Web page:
-, --   r  I _ Ml; ~ §- ans
_ RIthARDscN: Qne Kentucky Department of Educa- Q __é JQ §n¤ . »§ w
~-···-·;--···—·—-—~·—·— _ _ , _ wumrr Rgy gums Camas.; t-J v
.tion has recently published John Bicharcspn I
Jr.'s “A Checklist of Articles in the Educa;
ti2nE£;§nllc;in_of the Kentucky Department*of UNIVERSITY CF KENTUCKY
Education, Volume l~40, l933—l972." Because no LIBRARIES
annual nor cumulative index had been published
for this monthly series, John's compilation July 13, 1973 No. 8
should aid librarians as well as researchers - · -- __________
in education. __ _
BEQWE: "The Library: A Key to Improved Vocational Agriculture Programs"
is the title of the article to appear in the August, 1973 issue of the
  Magazine. Ms. Mary Ruth Brown authored the article.
POSITION OFENINGS: Map Dept., classified, open now, see Jim Minton;
Biological Sciences, new professional, open now, see Bill Lee; Circulation,
professional, open now, see Mr. Gordon; Cataloging, classified III and
classified V, open now, see Ms. E.V. Emith.
MEMO: A note from the VP for Business Affairs and Treasurer states that
effective June 22, 1973 all state owned vehicles will not exceed 60 mph in
a 70 mph zone and not exceed 50 mph in a 60 mph zone. All this has to do
with Governor Wendell H. Ford*s effort to reduce gasoline consumption in
state vehicles by lO%. -
NQ_QOMM§NT: A special New York state commission headed by Robben W. Eleming,
president of the University of Michigan called for "... banning all current
and proposed Ph.D. programs that do not pass a new test of ‘high quality‘
and clear need". Quality, not quantity. (College & University Business,
55:15, July l973)
AQ§U§T_l0: Make an attempt to find a copy of the memo circulating from the
Director's Office concerning this date. The essentials are: King Library and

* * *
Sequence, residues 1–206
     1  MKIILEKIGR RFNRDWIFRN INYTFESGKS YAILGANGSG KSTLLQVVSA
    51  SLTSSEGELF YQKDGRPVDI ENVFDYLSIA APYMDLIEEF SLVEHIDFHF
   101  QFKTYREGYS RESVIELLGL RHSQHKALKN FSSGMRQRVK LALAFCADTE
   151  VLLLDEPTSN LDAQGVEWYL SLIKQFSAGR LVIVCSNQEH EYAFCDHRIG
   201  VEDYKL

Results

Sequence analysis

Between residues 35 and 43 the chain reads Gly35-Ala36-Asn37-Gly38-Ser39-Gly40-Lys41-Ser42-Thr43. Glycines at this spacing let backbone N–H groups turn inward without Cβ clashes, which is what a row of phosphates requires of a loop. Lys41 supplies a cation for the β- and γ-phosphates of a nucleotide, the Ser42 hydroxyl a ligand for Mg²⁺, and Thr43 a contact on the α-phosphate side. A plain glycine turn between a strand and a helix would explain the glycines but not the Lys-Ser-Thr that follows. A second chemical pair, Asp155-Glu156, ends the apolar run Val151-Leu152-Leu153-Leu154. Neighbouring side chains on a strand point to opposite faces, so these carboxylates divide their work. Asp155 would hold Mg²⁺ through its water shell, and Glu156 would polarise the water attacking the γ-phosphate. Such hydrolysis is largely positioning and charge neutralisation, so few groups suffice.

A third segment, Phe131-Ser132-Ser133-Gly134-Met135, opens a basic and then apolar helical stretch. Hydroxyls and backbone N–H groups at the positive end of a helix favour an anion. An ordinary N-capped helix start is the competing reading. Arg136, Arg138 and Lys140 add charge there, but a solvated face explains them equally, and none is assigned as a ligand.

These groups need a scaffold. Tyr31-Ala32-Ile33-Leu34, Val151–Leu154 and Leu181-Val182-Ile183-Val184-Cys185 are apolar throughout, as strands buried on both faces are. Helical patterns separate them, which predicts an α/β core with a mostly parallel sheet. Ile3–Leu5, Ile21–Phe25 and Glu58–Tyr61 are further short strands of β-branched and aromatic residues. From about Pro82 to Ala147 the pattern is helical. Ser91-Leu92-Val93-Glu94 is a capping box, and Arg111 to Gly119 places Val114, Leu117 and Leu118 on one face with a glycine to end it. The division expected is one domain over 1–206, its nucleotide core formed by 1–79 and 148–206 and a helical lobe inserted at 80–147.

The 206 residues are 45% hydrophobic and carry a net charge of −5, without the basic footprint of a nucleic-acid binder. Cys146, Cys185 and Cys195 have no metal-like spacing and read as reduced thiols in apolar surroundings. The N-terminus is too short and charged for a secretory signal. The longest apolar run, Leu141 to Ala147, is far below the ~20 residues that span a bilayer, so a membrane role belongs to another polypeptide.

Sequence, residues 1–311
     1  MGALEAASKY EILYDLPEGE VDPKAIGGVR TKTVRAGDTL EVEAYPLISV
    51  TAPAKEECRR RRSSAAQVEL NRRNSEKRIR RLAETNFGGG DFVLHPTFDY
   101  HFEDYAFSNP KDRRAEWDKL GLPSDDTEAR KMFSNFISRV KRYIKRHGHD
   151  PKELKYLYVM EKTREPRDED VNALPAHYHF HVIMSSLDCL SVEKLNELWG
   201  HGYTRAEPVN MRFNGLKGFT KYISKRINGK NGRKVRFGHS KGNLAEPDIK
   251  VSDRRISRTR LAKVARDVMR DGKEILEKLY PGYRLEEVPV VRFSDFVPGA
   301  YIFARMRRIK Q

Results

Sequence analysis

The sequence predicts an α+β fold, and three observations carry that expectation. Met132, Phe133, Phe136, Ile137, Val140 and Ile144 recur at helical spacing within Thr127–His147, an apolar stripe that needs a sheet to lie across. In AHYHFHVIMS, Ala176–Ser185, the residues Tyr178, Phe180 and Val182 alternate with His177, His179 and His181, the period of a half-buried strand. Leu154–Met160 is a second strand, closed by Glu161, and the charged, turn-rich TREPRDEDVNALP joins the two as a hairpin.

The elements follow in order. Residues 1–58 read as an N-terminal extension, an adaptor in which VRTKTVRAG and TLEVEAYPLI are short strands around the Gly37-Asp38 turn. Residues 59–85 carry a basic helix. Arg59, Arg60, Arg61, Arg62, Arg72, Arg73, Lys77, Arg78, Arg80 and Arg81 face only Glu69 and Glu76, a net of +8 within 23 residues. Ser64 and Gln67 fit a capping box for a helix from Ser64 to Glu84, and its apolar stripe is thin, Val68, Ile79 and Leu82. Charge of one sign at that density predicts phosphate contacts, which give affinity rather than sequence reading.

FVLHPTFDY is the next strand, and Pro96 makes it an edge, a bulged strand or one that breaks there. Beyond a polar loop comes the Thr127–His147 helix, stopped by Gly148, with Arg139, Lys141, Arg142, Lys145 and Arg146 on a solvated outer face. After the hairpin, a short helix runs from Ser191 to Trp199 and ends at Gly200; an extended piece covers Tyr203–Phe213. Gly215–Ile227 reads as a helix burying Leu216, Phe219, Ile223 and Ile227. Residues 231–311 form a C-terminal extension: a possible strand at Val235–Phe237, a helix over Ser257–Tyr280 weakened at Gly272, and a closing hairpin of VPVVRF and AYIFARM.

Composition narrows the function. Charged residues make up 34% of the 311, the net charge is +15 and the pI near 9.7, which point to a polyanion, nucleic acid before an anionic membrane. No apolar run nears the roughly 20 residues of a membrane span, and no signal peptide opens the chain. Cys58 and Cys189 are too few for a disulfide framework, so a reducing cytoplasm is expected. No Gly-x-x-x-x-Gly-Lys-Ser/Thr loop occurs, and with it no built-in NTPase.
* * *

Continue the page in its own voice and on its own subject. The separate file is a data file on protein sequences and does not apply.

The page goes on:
Fine Arts Library will be shut down to have the electrical service up~graded;
the library will be open again on the llth; payday for biweekly will move U
to August i3. Again, please find that memo for all details.
MEDLINE: "State University of New York and the federal government will
virtually double the capacity of Medline, nationwide computer medical inior»
mation system used by researchers in the U.S. and abroad. Under terms of a
$240,000—a~year contract with the National Library of Medicine, the Univer-
sity's computer headquarters in Albany becomes the second center in the
largest bibliographic retrieval service of its type in the world: The system
now offers physicians and researchers instantaneous search of a list of ’
400,000 titles indexed from 1,200 major medical journals. Some l£0 medical
libraries in major U.S. cities and four medical libraries in France and
Canada use the system." (EDUCOM, 8:23, Summer l973)_
EDlTORIAL: When faculty salaries were made openly available to everyone
fecenflyi some people seemed to have something to hide. They voiced their
opposition. We are, however, state employees and the taxpayer has every
right to know where his money goes. We as librarians supposedly support the
Freedom of Information Act. Lest the resultant furor obscure the real
reason for publishing salaries, remember it was the possibility of discrim~
ination. And I maintain that if one wants tc see discrimination, let's see
the classified and student salaries published where the real inequities
occur. (J.R.) '
154 days to the BIG MOVE